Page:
After a short stop, the BVRT lead me inconspicuously out of Lowood in between a few shops and past a golf course on one side and a field of what looked like pumpkin vines on the other. After passing though one of the BVRT’s many gates (which you are asked to close after passing through), the green and brown trail stretched off into the distance past more fields of cows and horses below shimmering heat waves against the blue sky. Although the day was hot, the breeze provided plenty of respite and maintaining a good pace was not too difficult.
Though I’m sure most people will laugh at me, being the pasty city boy that I am, I was wary whenever I passed any cattle that weren’t behind a fence. There were a few bulls amongst them which I kept a particularly close eye on but in reality I think they probably see plenty of other bikes and it was just too damn hot for them to bother chasing me.
A few more gates and past some fields that stretched off the side of the trail to the mountains in the distance and I came to the crossing of Lockyer Creek. This was probably the only part of the journey that truly resembled a mountain bike trail with it’s steep decent over loose, black soil down one side and corresponding climb on the other. The remains of an old railway bridge also spans the creek which is not in usable condition anymore and you are advised to keep off.
After the creek crossing, I missed the sign for the BVRT and took a little detour along a track between some fields and crossed the creek a second time a little further down before finding myself on a main road. As I headed back to where I had deviated from, cattle and goats which were escaping the heat under a large tree watched me and I could almost hear them thinking, “You idiot – you’re lost aren’t you?”. Soon I was back on track and heading for the town of Coominya.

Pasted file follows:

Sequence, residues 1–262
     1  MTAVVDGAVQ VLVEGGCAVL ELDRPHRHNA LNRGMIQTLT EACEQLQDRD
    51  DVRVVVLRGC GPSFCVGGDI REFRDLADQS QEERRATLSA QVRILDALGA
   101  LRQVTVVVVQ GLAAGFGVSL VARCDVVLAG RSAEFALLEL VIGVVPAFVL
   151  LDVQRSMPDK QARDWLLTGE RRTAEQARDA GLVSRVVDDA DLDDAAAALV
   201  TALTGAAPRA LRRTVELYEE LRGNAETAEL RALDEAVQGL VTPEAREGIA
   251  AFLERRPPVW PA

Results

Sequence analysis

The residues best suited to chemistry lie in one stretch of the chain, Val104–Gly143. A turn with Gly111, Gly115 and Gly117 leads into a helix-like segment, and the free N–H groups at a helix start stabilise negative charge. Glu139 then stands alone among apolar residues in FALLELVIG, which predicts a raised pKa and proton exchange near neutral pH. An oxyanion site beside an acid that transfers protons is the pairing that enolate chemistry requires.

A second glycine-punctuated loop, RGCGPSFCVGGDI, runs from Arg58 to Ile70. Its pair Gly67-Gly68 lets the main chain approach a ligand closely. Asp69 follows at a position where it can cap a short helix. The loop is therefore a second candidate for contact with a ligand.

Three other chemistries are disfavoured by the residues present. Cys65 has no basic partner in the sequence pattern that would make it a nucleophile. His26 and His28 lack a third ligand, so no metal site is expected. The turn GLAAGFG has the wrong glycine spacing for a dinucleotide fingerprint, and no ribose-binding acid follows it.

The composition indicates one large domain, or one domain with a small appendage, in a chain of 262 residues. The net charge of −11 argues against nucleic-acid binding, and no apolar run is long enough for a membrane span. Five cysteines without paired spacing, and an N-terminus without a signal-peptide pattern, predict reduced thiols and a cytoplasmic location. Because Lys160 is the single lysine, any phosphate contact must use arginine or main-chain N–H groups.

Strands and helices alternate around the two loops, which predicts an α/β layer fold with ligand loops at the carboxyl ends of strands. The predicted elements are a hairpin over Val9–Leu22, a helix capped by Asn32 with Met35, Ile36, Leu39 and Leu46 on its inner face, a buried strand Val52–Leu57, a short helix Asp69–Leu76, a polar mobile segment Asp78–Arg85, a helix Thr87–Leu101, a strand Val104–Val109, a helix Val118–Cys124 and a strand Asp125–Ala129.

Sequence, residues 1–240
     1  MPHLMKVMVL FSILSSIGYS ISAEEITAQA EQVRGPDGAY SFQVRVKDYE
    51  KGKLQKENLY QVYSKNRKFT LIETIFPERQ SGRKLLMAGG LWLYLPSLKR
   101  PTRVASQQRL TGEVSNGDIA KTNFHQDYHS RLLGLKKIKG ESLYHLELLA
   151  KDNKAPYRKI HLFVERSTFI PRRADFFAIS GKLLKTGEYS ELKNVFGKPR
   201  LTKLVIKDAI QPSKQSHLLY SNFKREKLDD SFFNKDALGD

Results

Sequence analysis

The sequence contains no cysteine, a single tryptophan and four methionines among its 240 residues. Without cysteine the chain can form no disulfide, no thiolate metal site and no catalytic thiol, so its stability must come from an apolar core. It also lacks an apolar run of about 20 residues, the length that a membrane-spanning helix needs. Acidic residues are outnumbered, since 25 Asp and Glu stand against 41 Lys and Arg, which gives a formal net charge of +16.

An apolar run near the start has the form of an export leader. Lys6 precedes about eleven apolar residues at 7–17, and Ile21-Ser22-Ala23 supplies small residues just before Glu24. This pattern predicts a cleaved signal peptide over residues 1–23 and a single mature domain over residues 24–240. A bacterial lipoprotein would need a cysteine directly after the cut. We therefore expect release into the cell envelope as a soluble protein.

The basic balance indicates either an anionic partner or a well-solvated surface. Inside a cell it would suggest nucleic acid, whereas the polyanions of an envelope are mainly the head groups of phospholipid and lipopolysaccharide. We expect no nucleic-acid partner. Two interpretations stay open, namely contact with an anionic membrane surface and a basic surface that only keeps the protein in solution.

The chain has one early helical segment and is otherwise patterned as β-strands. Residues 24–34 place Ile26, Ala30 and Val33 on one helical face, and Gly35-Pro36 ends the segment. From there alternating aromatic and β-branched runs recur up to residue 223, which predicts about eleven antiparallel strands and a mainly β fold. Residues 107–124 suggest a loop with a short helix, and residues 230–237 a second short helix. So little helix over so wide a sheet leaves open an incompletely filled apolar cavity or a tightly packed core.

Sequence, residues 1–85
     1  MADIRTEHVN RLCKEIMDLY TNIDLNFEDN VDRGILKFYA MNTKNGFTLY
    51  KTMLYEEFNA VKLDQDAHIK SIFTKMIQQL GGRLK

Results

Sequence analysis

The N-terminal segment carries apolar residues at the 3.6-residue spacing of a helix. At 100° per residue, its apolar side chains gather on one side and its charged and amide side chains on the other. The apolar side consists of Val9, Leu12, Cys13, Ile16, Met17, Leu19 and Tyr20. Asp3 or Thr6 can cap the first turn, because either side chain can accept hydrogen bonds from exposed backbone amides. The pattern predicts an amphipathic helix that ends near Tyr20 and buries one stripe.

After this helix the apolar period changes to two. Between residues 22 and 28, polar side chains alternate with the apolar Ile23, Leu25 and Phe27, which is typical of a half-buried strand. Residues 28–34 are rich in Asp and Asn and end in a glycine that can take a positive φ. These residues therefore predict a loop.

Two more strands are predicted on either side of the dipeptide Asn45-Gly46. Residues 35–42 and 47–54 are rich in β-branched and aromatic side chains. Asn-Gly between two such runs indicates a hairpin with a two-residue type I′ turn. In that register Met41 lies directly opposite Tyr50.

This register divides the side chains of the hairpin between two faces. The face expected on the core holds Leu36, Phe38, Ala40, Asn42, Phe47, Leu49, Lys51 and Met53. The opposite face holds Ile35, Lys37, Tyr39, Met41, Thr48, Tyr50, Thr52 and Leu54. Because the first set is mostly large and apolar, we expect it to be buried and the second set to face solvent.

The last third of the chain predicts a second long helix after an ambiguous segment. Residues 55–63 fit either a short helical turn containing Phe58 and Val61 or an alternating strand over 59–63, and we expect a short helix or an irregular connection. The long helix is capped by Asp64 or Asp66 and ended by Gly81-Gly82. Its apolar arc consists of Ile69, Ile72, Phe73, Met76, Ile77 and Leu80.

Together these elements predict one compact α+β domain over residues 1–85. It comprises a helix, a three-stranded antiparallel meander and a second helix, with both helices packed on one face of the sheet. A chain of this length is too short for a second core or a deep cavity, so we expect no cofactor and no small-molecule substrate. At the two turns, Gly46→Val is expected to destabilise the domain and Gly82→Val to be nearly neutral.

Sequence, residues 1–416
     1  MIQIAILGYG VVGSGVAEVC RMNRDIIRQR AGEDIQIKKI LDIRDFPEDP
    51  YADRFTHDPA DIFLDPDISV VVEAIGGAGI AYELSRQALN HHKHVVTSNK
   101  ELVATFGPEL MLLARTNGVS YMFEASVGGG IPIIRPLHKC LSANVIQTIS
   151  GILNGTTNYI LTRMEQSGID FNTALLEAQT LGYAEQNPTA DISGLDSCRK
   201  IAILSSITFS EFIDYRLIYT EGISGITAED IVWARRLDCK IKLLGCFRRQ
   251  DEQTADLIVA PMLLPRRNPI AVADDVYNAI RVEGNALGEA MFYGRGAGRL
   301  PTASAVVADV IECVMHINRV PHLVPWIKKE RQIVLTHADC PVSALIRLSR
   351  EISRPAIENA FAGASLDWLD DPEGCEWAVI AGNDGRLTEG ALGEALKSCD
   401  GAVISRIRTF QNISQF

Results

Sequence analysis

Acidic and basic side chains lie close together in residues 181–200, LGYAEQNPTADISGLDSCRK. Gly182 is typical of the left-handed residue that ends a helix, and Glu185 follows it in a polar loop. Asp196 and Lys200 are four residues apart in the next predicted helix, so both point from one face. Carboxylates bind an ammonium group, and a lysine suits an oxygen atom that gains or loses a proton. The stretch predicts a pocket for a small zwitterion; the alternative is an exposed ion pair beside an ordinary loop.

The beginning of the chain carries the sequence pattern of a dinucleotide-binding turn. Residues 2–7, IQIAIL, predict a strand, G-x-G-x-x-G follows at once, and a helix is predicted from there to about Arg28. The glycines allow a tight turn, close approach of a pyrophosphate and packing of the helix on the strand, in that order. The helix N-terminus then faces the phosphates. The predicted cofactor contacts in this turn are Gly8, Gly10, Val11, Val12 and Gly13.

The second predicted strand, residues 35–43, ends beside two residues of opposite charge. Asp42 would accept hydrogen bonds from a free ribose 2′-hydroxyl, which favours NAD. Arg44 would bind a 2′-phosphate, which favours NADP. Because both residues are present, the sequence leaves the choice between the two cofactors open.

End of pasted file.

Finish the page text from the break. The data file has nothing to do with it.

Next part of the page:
As the long, straight gravel covered trail carried me into town, a large flock of white cockatoos screeched overhead and circled a couple of times before settling again somewhere nearby by out of my sight. I was a little too slow with the camera for those guys so I headed to the general store to escape the mid morning sun for a while and for some refreshments. Sitting outside, I enjoyed the quietness in Coominya before grabbing my bike again and retracing my steps back to Fernvale.
The temperature was well and truly above 30 degrees when I got back to Fernvale which made lunch and a cold drink at the local pub all the more welcoming where I sat and pondered my next adventure along the more northern parts of the BVRT.
Due to time constraints, I drove to Fernvale on this occasion which is something I try to avoid whenever possible for my riding expeditions, but a similar trip could also be done completely car-free by catching the train to Wulkuraka station where the BVRT begins and heading towards Fernvale from there. Once the weather cools down a little, I’m planning to do just that and to pack some spare clothes to do a multi-day trip staying in the many accommodation choices that the towns along the way have to offer.
Ride safe and see you out there some time.